The ALMA Telescope (Atacama Large Millimetre/submillimetre Array) a radio telescope comprising 66 antennas located in the Atacama Desert of northern Chile is set to get software and hardware upgrades that will help it collect much more data and produce sharper images than ever before.
About ALMA Telescope
- The most significant modernisation made to ALMA will be the replacement of its correlator, a supercomputer that combines the input from individual antennas and allows astronomers to produce highly detailed images of celestial objects.
- As ALMA is operated under a partnership among the United States, 16 countries in Europe, Canada, Japan, South Korea, Taiwan, and Chile, the announcement came after all the partners cleared the funding required for the improvements.
- Fully functional since 2013, the radio telescope was designed, planned and constructed by the US’s National Radio Astronomy Observatory (NRAO), the National Astronomical Observatory of Japan (NAOJ) and the European Southern Observatory (ESO).
- Over the years, it has helped astronomers make groundbreaking discoveries, including that of starburst galaxies and the dust formation inside supernova 1987A.
- ALMA is a state-of-the-art telescope that studies celestial objects at millimetre and submillimetre wavelengths — they can penetrate through dust clouds and help astronomers examine dim and distant galaxies and stars out there.
- It also has extraordinary sensitivity, which allows it to detect even extremely faint radio signals.
- The telescope consists of 66 high-precision antennas, spread over a distance of up to 16 km.
Why is ALMA located in Chile’s Atacama Desert?
- ALMA is situated at an altitude of 16,570 feet (5,050 metres) above sea level on the Chajnantor plateau in Chile’s Atacama Desert as the millimetre and submillimetre waves observed by it are very susceptible to atmospheric water vapour absorption on Earth.
- Moreover, the desert is the driest place in the world, meaning most of the nights here are clear of clouds and free of light-distorting moisture making it a perfect location for examining the universe.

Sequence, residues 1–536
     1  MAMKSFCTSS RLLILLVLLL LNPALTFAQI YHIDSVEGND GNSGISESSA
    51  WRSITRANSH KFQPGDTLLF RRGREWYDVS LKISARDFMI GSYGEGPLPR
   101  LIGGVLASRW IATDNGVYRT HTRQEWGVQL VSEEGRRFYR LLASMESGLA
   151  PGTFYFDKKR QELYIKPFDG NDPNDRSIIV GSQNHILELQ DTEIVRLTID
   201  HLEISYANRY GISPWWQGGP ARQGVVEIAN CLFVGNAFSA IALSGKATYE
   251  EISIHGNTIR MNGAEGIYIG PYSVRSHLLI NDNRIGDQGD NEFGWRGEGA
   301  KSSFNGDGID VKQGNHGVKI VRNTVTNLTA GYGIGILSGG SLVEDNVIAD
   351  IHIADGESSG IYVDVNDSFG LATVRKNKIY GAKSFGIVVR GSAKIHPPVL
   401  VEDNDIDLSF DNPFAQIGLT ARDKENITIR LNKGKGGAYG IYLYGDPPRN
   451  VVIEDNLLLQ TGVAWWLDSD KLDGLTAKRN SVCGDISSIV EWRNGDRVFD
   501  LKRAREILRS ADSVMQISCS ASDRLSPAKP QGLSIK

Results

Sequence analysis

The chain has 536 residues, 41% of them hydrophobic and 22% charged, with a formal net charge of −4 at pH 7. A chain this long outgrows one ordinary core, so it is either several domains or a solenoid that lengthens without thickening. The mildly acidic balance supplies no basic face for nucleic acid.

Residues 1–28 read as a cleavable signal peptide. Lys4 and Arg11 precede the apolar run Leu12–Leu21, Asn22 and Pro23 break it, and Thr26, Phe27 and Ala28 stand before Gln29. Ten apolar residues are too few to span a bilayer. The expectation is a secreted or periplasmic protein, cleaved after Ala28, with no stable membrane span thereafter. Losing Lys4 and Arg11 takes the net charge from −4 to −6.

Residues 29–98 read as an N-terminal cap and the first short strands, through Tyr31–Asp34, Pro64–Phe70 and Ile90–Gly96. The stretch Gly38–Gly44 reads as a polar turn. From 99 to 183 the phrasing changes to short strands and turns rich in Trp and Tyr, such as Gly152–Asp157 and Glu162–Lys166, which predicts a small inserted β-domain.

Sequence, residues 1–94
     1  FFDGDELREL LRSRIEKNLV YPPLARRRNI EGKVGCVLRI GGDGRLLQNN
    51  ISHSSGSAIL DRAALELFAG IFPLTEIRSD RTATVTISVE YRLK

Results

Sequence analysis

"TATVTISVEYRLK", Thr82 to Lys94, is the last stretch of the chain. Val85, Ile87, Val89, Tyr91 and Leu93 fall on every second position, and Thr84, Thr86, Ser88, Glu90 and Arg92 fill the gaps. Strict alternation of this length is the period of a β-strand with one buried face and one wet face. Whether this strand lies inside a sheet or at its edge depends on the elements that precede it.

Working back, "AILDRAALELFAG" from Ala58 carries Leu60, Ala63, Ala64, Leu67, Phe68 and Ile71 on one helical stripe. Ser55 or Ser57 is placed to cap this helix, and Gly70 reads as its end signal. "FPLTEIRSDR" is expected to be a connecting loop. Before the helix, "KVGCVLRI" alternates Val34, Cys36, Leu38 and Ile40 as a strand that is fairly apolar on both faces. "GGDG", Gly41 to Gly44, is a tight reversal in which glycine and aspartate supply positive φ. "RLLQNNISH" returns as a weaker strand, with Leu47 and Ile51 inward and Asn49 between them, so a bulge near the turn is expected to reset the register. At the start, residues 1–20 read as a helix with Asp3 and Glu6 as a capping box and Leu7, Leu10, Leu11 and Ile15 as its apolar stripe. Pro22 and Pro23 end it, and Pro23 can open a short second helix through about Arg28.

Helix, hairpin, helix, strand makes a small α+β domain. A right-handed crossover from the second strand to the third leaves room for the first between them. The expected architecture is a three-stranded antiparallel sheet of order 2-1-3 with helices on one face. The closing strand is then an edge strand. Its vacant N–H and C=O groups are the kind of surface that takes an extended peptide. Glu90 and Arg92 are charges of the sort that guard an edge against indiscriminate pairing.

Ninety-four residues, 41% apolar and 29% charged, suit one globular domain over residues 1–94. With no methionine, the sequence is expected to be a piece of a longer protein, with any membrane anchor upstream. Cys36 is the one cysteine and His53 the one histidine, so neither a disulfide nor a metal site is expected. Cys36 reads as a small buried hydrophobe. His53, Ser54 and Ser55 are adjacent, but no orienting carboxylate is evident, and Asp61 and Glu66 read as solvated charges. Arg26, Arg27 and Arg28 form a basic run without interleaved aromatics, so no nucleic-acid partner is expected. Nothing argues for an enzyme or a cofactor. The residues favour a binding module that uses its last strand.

- For travelling from Japan, it takes 40 hours to get to the ALMA site in Chile including connection time.
- In spite of such a long distance, the selected site is still the ultimate observing site on Earth with ideal conditions for the ALMA telescope.
What are some of the notable discoveries made by ALMA?
- One of the earliest findings came in 2013 when it discovered starburst galaxies earlier in the universe’s history than they were previously thought to have existed.
- ALMA provided detailed images of the protoplanetary disc surrounding HL Tauri a very young T Tauri star in the constellation Taurus, approximately 450 light years from Earth and “transformed the previously accepted theories about the planetary formation”
- In 2015, the telescope helped scientists observe a phenomenon known as the Einstein ring, which occurs when light from a galaxy or star passes by a massive object en-route to the Earth, in extraordinary detail.
- More recently, as part of the Event Horizon Telescope project, a large telescope array consisting of a global network of radio telescopes, it provided the first image of the supermassive black hole at the centre of our own Milky Way galaxy.
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